office hours at the Town Hall are every Tuesday from 9AM to 12PM by appointment.
The Historian Office is located downstairs at the Peru Town Hall.
Peru is a town in the eastern
part of Clinton County, NY, just south of Plattsburgh, NY.
between the Adirondack Mountains and Lake Champlain, the Town of Peru
was formed from Plattsburgh and Willsborough on Dec. 28, 1792. A part
of it was annexed back to Willsborough in 1799 and the towns of Ausable
and Black Brook were taken off in 1839. Its present boundaries are the
towns of Saranac, Schuyler Falls and Plattsburgh on the north, the
towns of Ausable and Black Brook on the south, Lake Champlain on the
east and the town of Black Brook on the west. The area of the town is
approximately seventy-nine square miles. Some of the early settlers
thought that the mountains surrounding the town resembled those of
Peru, South America. Hence, the origin of the town's name. The earliest
concentration of settlers was in an area called the "Union", a Quaker
settlement in the vicinity of the present Keese Homestead and Quaker
Cemetery on what is now Union Road. These early Quaker settlers or
"Friends" as they preferred to be called, were mainly farmers and came
from Dutchess County, NY and previously England. Some of the family
names of those pioneer settlers still abound in the town today: Allen,
Arnold, Baker, Elmore, Everett, Hay(s), Keese and Thew, to mention a
John Cochran had the honor of being the founder of the present site of
Peru Village about the year 1795. He built a house and a grist-mill on
the banks of the Little Ausable River. Harvesting abundant timber
became Peru's first industry and resulted in several saw-mills being
built along the river. A. Mason & Sons lumber mill, located in
the heart of the village, flourished for nearly a century, from 1883 to
1972. The mill was the town's largest employer for most of those years.
Now, the empty stone Heyworth/Mason building is the only surviving
remnant of that once busy mill site. As the lands were cleared of
timber the area's rich, fertile soil gave rise to agriculture which
persists to this day in the form of dairy farms and several apple
orchards. Iron making also played a major role in the economic
development of early Peru with the discovery of high quality iron ore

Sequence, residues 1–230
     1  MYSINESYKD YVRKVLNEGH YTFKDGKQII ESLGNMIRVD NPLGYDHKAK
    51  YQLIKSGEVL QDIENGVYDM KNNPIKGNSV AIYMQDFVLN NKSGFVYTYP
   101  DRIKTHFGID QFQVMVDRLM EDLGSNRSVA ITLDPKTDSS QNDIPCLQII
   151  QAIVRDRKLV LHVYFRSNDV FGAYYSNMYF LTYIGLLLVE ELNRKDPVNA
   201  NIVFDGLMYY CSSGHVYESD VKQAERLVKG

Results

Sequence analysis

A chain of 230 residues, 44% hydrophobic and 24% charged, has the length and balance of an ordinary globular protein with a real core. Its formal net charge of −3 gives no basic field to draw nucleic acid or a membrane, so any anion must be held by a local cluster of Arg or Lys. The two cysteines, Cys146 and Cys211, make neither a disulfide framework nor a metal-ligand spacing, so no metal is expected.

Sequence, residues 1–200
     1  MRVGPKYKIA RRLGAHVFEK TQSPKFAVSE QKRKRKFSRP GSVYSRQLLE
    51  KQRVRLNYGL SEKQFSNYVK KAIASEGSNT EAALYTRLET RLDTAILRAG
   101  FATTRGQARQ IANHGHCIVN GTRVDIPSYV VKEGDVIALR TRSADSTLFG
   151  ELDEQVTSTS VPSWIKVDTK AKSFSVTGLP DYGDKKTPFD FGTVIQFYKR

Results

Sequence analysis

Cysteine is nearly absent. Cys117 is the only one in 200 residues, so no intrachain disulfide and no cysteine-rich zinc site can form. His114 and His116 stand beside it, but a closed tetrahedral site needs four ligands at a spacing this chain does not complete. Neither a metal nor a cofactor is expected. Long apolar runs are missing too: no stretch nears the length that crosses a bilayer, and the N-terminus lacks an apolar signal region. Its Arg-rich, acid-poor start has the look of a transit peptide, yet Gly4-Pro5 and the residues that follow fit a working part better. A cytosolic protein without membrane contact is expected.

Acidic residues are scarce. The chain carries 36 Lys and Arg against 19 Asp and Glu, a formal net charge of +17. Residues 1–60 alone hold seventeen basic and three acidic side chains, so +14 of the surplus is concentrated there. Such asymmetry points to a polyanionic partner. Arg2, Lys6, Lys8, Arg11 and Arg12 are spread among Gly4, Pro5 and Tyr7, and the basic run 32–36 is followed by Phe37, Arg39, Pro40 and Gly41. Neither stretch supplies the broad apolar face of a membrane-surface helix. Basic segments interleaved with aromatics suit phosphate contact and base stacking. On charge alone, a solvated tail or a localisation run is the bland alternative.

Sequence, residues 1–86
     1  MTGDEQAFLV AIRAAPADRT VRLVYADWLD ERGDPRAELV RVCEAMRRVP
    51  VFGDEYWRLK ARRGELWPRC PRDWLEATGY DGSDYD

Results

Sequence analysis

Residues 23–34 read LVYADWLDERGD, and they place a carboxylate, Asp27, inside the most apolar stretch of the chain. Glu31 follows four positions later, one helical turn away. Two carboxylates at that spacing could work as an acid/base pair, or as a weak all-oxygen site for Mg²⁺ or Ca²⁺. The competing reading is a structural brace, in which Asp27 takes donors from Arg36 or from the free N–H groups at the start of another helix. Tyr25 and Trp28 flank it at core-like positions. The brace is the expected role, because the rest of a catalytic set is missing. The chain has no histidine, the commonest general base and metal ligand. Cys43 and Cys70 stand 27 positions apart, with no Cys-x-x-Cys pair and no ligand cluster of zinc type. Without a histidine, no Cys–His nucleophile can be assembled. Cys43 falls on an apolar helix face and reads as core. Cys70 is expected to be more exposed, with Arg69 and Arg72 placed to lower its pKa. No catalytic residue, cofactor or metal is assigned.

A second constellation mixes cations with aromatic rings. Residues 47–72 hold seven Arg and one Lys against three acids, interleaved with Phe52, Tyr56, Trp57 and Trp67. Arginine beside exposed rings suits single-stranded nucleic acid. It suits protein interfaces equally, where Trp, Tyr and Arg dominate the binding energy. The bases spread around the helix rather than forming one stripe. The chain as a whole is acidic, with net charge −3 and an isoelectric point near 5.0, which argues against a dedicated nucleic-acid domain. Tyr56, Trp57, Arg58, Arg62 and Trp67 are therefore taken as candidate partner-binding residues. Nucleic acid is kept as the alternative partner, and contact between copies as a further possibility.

in the Arnold Hill area in 1810.
As the population of Peru grew from a small handful of settlers in 1792
to 1,923 in 1810 and 2,710 by 1820, other settlements within Peru's
boundaries came into being. Goshen, Lapham's Mills or Bartonville,
Peasleeville, Port Jackson, later Valcour, and Peru Landing all
contributed to the town's growth. The bustling Lake Champlain ports of
Peru Landing and Port Jackson led to railroads and stations built at
Valcour, Lapham's Mills and Peru Village. Churches, Schools, businesses
and ever expanding industries all increased in number throughout the
Peru has an exceptionally rich past in the form of military history.
Its Lake Champlain shores saw much activity during the French and
Indian War period. The lake was the main north-south corridor for war
parties of Native Americans and French and British armies. Benedict
Arnold's most important Revolutionary War naval engagement with the
British at the Battle of Valcour Oct. 11, 1776 took place with the
town. The War of 1812 brought forth the Peru militia under the
leadership of Capt. David Cochran. They fired the first shots in the
victorious and decisive Battle of Plattsburgh in Sept., 1814. The
opening of Plattsburgh Air Force Base in 1955 brought thousands of
military personnel to the area. The majority of those personnel resided
within the Peru Central School District. The school district grew from
800 students to over 3,000 necessitating the building of four new
The present population of Peru is 6,998 according to the 2010 census.
Long gone are most of the timber and iron related industries and the
many mills that once lined the banks of Peru's rivers. Fires have taken
their toll on many buildings in the center of the village. It is now a
relatively quiet semi-rural residential area surrounded by thousands of
acres of apple orchards and dairy farms.